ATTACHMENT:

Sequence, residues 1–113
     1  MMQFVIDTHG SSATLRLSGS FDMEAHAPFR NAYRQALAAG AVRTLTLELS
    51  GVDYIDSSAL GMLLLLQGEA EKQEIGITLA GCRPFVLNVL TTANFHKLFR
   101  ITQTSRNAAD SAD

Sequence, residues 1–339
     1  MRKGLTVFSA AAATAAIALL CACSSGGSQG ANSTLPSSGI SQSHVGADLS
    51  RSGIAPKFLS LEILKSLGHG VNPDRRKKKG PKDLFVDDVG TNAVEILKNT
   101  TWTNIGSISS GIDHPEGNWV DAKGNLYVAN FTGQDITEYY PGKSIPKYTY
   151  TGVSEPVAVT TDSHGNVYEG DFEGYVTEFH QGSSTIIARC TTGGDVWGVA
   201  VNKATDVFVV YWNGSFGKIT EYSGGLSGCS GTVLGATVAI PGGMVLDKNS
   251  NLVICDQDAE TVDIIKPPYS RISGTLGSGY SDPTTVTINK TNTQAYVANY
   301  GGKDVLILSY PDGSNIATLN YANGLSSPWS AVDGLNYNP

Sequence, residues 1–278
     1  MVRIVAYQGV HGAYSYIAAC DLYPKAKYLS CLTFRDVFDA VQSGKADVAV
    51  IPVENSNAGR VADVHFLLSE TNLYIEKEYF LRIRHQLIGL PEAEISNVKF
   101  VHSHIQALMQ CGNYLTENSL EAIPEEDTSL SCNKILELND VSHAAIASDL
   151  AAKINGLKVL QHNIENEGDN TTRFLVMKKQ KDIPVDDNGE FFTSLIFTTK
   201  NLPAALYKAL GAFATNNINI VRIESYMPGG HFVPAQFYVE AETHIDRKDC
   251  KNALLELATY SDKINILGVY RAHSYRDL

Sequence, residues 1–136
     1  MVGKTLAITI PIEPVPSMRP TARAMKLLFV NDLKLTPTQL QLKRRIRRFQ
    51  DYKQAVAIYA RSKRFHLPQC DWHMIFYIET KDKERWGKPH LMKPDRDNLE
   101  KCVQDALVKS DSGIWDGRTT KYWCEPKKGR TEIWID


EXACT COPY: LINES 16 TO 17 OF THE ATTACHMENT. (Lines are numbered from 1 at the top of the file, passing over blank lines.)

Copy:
   101  VHSHIQALMQ CGNYLTENSL EAIPEEDTSL SCNKILELND VSHAAIASDL
   151  AAKINGLKVL QHNIENEGDN TTRFLVMKKQ KDIPVDDNGE FFTSLIFTTK